Mutations in sodium-channel gene SCN9A cause a spectrum of human genetic pain disorders.
SourceJournal of Clinical Investigation, 117, 12, (2007), pp. 3603-3609
Article / Letter to editor
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Journal of Clinical Investigation
SubjectIGMD 2: Molecular gastro-enterology and hepatology; NCMLS 5: Membrane transport and intracellular motility; UMCN 5.1: Genetic defects of metabolism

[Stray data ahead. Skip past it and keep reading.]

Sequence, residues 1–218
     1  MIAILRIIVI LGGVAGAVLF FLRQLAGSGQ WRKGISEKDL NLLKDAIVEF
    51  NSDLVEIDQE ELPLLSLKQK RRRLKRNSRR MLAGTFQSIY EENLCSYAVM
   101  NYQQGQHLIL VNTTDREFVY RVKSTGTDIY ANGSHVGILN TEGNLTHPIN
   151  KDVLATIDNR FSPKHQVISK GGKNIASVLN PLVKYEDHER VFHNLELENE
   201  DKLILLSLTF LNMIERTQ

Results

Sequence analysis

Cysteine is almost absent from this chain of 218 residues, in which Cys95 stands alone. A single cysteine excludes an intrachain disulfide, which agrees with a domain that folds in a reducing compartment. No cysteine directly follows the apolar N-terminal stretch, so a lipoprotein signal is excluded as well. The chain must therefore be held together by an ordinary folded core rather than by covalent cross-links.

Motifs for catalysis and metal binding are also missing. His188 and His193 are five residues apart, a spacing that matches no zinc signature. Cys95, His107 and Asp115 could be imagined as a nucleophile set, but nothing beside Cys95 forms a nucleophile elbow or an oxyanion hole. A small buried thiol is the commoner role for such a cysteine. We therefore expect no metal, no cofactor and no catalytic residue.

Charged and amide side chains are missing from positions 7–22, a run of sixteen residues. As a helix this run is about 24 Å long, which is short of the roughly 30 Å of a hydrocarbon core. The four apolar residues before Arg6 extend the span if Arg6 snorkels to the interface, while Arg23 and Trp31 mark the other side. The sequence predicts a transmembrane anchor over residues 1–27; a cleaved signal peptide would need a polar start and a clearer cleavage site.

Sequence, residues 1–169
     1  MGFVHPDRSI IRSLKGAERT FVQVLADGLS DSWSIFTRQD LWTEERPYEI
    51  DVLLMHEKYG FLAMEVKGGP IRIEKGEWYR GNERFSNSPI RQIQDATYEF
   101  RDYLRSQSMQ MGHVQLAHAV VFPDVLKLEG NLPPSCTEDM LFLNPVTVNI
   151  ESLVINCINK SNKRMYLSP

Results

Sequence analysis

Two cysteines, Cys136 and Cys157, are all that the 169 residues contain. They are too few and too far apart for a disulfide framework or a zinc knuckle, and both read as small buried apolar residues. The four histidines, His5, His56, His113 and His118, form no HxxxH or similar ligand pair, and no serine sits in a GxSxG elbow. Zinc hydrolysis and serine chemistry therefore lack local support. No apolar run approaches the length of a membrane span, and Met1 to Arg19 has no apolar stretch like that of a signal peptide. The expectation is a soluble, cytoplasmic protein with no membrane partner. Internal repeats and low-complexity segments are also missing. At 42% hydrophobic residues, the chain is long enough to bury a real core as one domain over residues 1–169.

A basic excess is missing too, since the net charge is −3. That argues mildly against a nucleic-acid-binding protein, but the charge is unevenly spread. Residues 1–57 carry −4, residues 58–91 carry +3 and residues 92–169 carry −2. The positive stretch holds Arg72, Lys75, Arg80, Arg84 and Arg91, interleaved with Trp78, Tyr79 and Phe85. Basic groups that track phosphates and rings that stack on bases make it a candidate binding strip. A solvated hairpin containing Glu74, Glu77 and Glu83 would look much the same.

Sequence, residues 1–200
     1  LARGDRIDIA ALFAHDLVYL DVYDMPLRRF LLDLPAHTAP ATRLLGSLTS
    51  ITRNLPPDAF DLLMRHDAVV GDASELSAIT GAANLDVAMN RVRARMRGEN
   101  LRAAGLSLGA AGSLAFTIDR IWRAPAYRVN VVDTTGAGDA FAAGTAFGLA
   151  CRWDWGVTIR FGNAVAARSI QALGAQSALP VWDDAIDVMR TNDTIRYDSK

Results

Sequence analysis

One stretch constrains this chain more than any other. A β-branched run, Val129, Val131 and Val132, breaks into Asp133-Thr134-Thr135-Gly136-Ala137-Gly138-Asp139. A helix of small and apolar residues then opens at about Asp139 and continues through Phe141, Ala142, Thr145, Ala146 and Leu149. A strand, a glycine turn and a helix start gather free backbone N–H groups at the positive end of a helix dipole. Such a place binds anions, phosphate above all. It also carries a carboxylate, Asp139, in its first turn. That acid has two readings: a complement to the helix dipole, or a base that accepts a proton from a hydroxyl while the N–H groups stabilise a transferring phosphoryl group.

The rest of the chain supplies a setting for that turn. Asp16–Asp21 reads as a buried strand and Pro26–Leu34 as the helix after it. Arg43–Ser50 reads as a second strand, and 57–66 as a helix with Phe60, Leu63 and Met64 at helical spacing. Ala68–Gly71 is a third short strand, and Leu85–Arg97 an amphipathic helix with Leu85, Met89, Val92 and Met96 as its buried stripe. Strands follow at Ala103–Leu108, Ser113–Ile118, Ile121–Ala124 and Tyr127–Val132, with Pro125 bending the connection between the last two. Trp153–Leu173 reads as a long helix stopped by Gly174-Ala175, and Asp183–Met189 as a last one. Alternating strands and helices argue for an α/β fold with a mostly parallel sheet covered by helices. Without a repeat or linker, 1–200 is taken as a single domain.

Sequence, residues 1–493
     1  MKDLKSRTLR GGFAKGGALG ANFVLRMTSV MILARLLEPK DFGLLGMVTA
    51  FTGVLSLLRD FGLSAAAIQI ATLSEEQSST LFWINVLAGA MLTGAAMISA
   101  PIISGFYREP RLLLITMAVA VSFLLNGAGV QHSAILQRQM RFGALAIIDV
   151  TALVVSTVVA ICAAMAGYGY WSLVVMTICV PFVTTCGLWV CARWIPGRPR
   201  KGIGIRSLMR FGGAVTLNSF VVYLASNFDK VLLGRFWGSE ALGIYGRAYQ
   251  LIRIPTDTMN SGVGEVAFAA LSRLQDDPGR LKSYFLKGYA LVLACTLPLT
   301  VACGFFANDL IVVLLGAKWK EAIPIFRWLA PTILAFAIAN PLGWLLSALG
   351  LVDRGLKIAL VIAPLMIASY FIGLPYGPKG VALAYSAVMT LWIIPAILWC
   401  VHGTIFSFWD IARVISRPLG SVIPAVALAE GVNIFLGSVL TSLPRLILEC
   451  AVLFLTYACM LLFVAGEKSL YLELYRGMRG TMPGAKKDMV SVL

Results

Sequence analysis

The voltage-gated sodium-channel type IX alpha subunit, known as Na(v)1.7 and encoded by the gene SCN9A, is located in peripheral neurons and plays an important role in action potential production in these cells. Recent genetic studies have identified Na(v)1.7 dysfunction in three different human pain disorders. Gain-of-function missense mutations in Na(v)1.7 have been shown to cause primary erythermalgia and paroxysmal extreme pain disorder, while nonsense mutations in Na(v)1.7 result in loss of Na(v)1.7 function and a condition known as channelopathy-associated insensitivity to pain, a rare disorder in which affected individuals are unable to feel physical pain. This review highlights these recent developments and discusses the critical role of Na(v)1.7 in pain sensation in humans.
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